Juan José de León, tenor singing Count Almaviva- Juan José de León is capturing the attention of audiences and critics alike. Hailed for his “big voice,” and “versatility,” (Pittsburgh Tribune-Review) the young tenor is rapidly-bursting onto the operatic scene. In the 2012-13 season Mr. de León completed his residency with the Pittsburgh Opera where he appeared as Matteo Borsa in Rigoletto, Paolino in Il Matrimonio Segreto, and Don Ramiro in La Cenerentola.

Mr. de León also joined The Wolf Trap Opera in the summer of 2013 where he performed the roles of Count Libenskof in Il Viaggio a Reims and Dr. Caius in Falstaff. Concert work this season includes the I Sing Beijing American Debut at Alice Tully Hall in Lincoln Center accompanied by The New York City Orchestra as well as the tenor soloist in Rossini’s Stabat Mater with the Erie Philharmonic.

He opened the 2013-14 season making his Metropolitan Opera company debut with the American premiere of Nico Muhly’s new work, Two Boys (American Congressman).


Opera Theater of Pittsburgh, The Magic Flute – Juan José de León sang a wonderful Tamino. The tenor has already shown a big voice and versatility as one of Pittsburgh Opera’s resident artists. His Mozart was stylishly heroic as well as tender of heart” –Mark Kanny, Pittsburgh Tribune-Review

the piercing power of Byers made for a spectacular conclusion that provoked a well-deserved standing ovation from the audience. – See more at:
the piercing power of Byers made for a spectacular conclusion that provoked a well-deserved standing ovation from the audience. – See more at:
the piercing power of Byers made for a spectacular conclusion that provoked a well-deserved standing ovation from the audience. – See more at:
the piercing power of Byers made for a spectacular conclusion that provoked a well-deserved standing ovation from the audience. – See more at:
the piercing power of Byers made for a spectacular conclusion that provoked a well-deserved standing ovation from the audience. – See more at:

Act I
Seville. Count Almaviva comes in disguise to the house of Doctor Bartolo and serenades Rosina, whom Bartolo keeps confined to the house, beneath her balcony window. Figaro the barber, who knows all the town’s secrets and scandals, arrives. He explains to Almaviva that Rosina is Bartolo’s ward, not his daughter, and that the doctor intends to marry her. Figaro devises a plan: the count will disguise himself as a drunken soldier with orders to be quartered at Bartolo’s house so that he may gain access to the girl. Almaviva is excited and Figaro looks forward to a nice cash pay-off.

Rosina reflects on the voice that has enchanted her and resolves to use her considerable wiles to meet its owner, whom the count leads her to believe is a poor student named Lindoro. Bartolo appears with Rosina’s music master, Don Basilio. Basilio warns Bartolo that Count Almaviva, who has made known his admiration for Rosina, has been seen in Seville. Bartolo decides to marry Rosina immediately. Figaro, who has overheard the plot, warns Rosina and promises to deliver a note from her to Lindoro. Bartolo suspects that Rosina has indeed written a letter, but she outwits him at every turn. Angry at her defiance, Bartolo warns her not to trifle with him.

Almaviva arrives, creating a ruckus in his disguise as a drunken soldier, and secretly passes Rosina his own note. Bartolo is infuriated by the stranger’s behavior and noisily claims that he has an official exemption from billeting soldiers. Figaro announces that a crowd has gathered in the street, curious about the argument they hear coming from inside the house. The civil guard bursts in to arrest Almaviva but when he secretly reveals his true identity to the captain he is instantly released. Everyone except Figaro is amazed by this turn of events.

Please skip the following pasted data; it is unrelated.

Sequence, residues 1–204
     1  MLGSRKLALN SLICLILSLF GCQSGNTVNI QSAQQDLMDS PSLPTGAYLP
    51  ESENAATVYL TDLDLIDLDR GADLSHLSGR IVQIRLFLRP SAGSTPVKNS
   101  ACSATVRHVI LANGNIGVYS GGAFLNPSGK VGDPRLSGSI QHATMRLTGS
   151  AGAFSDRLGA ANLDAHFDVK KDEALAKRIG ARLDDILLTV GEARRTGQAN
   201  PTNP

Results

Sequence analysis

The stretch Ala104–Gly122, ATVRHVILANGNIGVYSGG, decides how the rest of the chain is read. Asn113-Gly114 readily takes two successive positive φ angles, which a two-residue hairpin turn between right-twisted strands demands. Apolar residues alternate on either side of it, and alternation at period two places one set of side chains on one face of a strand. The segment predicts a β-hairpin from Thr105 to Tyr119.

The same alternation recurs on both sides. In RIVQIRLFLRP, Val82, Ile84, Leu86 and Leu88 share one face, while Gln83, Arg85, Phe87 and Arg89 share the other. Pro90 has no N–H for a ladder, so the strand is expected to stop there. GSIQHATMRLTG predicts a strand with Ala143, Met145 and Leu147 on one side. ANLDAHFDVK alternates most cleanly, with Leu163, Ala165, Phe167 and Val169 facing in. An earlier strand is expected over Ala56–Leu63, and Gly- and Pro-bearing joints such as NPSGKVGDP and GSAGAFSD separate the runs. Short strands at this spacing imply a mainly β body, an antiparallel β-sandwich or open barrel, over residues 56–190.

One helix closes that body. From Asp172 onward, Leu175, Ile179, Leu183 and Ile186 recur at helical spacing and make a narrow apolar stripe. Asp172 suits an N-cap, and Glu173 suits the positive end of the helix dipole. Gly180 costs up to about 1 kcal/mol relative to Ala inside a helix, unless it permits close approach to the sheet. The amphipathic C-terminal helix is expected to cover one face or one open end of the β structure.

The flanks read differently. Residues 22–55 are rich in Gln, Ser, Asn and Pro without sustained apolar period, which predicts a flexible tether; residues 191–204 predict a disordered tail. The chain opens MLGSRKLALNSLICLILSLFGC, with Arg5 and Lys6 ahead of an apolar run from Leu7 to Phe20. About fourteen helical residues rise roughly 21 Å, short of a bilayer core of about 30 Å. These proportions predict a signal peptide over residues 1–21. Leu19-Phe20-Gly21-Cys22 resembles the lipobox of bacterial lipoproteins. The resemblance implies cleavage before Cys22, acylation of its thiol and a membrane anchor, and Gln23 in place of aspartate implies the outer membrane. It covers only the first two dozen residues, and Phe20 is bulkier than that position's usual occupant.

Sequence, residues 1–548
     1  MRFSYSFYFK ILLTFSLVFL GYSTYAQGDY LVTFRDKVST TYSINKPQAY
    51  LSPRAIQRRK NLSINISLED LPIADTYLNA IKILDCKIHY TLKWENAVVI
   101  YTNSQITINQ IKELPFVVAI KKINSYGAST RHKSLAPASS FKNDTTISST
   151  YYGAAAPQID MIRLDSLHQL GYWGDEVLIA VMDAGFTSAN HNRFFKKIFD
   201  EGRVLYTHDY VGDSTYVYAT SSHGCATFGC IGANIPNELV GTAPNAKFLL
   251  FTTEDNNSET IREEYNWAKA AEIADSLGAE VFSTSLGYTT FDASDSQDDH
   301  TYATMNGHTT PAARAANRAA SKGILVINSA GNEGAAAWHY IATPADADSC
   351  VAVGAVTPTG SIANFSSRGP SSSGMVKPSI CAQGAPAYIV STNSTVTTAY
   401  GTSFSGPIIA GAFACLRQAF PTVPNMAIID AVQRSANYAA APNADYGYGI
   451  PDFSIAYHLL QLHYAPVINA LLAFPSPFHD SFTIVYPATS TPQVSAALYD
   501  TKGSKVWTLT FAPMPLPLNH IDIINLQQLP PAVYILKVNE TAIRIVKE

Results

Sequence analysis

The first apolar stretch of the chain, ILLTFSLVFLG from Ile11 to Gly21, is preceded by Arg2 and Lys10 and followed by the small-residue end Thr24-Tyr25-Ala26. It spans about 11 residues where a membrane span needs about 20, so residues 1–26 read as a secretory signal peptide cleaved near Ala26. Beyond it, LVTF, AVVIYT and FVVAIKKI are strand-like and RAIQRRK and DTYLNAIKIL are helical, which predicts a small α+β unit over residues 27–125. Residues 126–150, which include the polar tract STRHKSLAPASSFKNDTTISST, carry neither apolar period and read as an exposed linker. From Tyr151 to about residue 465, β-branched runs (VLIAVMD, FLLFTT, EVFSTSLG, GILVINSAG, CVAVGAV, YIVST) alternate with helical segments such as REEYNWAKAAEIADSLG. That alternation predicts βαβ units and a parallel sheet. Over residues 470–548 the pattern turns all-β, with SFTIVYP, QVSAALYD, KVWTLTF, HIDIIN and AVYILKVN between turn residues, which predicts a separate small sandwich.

Act II
Bartolo suspects that the “soldier” was a spy planted by Almaviva. The count returns, this time disguised as Don Alonso, a music teacher and student of Don Basilio. He announces he will give Rosina her music lesson in place of Basilio, who, he says, is ill at home. “Don Alonso” tells Bartolo that he is staying at the same inn as Almaviva and has found a letter from Rosina. He offers to tell her that it was given to him by another woman, seemingly to prove that Lindoro is toying with Rosina on Almaviva’s behalf. This convinces Bartolo that “Don Alonso” is indeed a student of the scheming Basilio, and he allows him to give Rosina her music lesson. She sings an aria, and, with Bartolo dozing off, Almaviva and Rosina express their love.

Figaro arrives to give Bartolo his shave and manages to snatch the key that opens the doors to Rosina’s balcony. Suddenly Basilio shows up looking perfectly healthy. Almaviva, Rosina, and Figaro convince him with a quick bribe that he is sick with scarlet fever and must go home at once. While Bartolo gets his shave, Almaviva plots with Rosina to elope that night. But the doctor overhears them and furiously realizes he has been tricked again. Everyone disperses.

Bartolo summons Basilio, telling him to bring a notary so Bartolo can marry Rosina that very night. Bartolo then shows Rosina her letter to Lindoro, as proof that he is in league with Almaviva. Heartbroken and convinced that she has been deceived, she agrees to marry Bartolo. A thunderstorm rages. Figaro and the count climb a ladder to Rosina’s balcony and let themselves in with the key. Rosina appears and confronts Lindoro, who finally reveals his true identity as Almaviva. Basilio shows up with the notary. Bribed and threatened, he agrees to be a witness to the marriage of Rosina and Almaviva. Bartolo arrives with soldiers, but it is too late. Almaviva explains to Bartolo that it is useless to protest and Bartolo accepts that he has been beaten. Figaro, Rosina, and the count celebrate their good fortune.

The Barber of Seville is a romantic comedy about the beautiful Rosina, pursued by the dashing Count Almaviva, who is determined to rescue her from the captivity of Doctor Bartolo. As Rosina has recently inherited a fortune, Bartolo selfishly attempts to win Rosina for himself. Only the crafty Figaro, a local barber from Seville, can hatch a clever plan to ensure that Almaviva wins Rosina’s hand.